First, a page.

Harry Potter fans (such as myself) will certainly enjoy this basilisk grotesque carved into the façade of Amiens Cathedral in France. It is interesting that the basilisk (or cockatrice) of medieval legend looks almost nothing like the one described in Harry Potter and the Chamber of Secrets, but its other characteristics and the deadly effects of its stare are identical. As a nerdy bonus, here is a great article from the Smithsonian Magazine about the history of the basilisk legend.
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Alexandra Kiely, aka A Scholarly Skater, is an art historian based in the northeastern United States. She loves wandering down the dark and dusty corners of art history and wholeheartedly believes in visual art's ability to enrich every person's life.
Her favorite periods of art history are 19th-century American painting and medieval European art and architecture. When she not looking at, reading about, writing about, or teaching art, she's probably ice dancing or reading.
View all posts by Alexandra Kiely (A Scholarly Skater)
8 thoughts on “Fantastic Beasts (Oh Look, I Found One)”
What a fantastic find! As a fellow Harry Potter fan, I share your excitement and it’s great to learn more about the legend too. Thanks for sharing them both.
Glad you enjoyed it! 🙂
Hi Alex. Excellent article and post, thanks. In an instance of spooky serendipity I completed conservation work on a mid C17 domestic wall painting that may (or may not!) depict a basilisk on the very day your post arrived in my inbox. We were – and still are – unsure of the subject matter, but it contains remains of a cockerel, a snake and 2 brown animals that we thought may be foxes but, if it was indeed a basilisk, then they could be weasels – according to the legend. Unfortunately, the cockerel and snake elements are on a different (and later) layer than the weasels (if that is what they are); although that could simply mean a repainting of the same scheme – not uncommon in English wall painting. Anyway, it has given me considerable food for thought as I write my treatment report, especially as I am hard-pressed at the moment to think of another example of a wall painting of a basilisk in wall painting. Perhaps your readership knows of others…..?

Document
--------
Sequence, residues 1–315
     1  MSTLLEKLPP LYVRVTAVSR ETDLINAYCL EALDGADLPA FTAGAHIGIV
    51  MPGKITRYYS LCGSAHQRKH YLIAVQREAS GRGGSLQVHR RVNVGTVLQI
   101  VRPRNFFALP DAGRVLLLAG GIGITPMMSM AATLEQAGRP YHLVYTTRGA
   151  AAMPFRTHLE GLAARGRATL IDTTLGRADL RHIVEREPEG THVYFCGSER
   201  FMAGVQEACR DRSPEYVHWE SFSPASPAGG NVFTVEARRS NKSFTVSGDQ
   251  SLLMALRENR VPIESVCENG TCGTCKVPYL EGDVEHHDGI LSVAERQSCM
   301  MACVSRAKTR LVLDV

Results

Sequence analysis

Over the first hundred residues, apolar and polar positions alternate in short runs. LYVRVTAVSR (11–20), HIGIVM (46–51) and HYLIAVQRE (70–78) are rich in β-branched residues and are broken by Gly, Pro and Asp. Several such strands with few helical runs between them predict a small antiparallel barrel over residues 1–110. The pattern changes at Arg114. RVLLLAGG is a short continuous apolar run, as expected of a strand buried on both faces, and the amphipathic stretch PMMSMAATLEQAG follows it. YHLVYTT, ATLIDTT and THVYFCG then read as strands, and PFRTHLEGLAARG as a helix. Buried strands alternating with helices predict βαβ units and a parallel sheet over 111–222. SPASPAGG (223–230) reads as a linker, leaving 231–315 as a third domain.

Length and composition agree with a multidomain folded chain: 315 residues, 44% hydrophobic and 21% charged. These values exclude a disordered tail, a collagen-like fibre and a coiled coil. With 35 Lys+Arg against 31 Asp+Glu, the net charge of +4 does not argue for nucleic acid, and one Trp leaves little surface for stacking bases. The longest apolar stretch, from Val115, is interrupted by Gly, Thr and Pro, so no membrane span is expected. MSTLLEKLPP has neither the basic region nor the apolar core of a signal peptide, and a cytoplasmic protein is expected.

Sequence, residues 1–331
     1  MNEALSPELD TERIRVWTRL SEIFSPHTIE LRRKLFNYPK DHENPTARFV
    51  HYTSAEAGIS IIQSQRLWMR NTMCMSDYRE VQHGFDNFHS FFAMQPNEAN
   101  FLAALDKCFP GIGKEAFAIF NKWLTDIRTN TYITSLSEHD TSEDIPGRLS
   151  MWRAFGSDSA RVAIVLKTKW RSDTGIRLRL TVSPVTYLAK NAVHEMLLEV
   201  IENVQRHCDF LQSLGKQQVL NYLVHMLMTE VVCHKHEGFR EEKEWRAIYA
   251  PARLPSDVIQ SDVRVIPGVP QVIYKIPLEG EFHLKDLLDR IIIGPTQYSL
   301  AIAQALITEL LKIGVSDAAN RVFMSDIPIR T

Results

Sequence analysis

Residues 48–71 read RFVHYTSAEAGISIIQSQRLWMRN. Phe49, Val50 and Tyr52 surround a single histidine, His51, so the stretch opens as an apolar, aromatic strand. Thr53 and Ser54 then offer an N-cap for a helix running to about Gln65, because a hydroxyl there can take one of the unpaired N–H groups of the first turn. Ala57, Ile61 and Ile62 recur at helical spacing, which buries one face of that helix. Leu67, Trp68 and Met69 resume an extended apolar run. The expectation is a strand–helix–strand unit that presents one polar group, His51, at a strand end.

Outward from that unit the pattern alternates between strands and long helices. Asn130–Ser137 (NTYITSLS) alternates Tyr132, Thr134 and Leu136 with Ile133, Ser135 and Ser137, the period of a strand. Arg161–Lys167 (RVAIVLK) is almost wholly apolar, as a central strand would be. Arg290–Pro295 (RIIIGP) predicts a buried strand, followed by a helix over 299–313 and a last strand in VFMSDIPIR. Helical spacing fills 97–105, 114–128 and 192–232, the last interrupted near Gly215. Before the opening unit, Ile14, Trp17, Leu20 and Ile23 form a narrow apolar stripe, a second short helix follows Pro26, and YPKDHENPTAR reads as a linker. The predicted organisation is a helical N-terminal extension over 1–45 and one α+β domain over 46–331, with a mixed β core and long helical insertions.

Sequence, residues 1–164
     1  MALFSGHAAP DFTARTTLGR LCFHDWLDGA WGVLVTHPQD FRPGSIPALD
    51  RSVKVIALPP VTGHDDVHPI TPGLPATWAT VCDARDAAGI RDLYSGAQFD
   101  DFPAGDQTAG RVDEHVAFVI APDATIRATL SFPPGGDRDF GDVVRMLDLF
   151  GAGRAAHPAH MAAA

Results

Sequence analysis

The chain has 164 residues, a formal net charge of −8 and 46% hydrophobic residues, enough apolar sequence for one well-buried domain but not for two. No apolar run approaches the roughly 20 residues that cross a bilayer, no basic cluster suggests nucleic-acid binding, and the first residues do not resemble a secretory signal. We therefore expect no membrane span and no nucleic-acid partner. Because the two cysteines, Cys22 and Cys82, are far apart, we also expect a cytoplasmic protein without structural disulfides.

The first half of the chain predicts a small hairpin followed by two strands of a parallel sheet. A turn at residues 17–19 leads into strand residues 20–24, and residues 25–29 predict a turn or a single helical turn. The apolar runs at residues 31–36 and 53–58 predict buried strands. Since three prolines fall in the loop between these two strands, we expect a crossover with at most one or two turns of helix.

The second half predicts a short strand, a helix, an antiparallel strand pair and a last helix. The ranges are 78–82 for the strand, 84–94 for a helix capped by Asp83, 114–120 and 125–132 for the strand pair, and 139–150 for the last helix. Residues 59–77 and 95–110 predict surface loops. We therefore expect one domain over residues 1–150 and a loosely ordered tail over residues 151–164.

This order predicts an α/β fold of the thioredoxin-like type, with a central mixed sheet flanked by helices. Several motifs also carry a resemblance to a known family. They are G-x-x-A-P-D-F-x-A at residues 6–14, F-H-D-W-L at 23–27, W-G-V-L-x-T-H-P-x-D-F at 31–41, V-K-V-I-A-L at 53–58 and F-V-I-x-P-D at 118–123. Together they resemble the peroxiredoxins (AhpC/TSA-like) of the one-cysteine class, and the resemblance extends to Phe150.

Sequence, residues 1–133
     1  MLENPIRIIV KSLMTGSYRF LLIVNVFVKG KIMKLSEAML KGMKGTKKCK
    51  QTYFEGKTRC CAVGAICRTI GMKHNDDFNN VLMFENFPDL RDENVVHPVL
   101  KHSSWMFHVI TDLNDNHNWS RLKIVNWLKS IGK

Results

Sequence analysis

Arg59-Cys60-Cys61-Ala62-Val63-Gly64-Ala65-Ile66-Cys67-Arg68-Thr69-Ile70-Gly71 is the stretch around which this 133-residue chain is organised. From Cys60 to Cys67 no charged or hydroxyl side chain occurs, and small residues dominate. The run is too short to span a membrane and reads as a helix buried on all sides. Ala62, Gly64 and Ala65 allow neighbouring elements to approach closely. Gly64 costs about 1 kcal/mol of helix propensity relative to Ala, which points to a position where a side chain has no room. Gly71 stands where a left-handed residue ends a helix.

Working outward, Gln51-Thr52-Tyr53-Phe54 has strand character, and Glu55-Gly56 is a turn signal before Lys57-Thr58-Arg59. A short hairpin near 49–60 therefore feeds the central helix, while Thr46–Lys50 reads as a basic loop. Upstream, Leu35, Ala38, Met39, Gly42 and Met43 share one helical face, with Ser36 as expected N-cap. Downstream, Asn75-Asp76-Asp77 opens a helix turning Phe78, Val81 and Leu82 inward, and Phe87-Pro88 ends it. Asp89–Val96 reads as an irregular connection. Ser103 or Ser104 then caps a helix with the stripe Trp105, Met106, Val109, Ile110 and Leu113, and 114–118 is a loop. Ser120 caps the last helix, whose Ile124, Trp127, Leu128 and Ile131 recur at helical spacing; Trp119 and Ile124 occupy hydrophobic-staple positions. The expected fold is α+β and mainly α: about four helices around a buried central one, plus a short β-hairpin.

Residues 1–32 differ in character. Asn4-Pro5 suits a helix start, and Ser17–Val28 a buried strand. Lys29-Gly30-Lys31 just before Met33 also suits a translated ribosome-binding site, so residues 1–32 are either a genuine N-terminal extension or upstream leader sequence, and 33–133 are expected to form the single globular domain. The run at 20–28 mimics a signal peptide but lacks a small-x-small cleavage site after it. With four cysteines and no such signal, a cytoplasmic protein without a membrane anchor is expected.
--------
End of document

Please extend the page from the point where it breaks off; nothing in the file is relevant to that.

I must admit that I enjoy that kind of spooky serendipity. I don’t know much about basilisks on wall paintings, but a quick search did turn up this:
Must read that Smithsonian article. Much thanks for following First Night Design! I also have a history blog you might like (mostly re-blogs) http://firstnighthistory.wordpress.com
Thanks for letting me know. I just followed that one, too. Glad to see you liked my Isabella Stewart Gardner piece. 🙂
The Smithsonian article is definitely worth a read.
That was quick – thank you!
I’m not usually that speedy. I just happen to be sitting right next to my computer.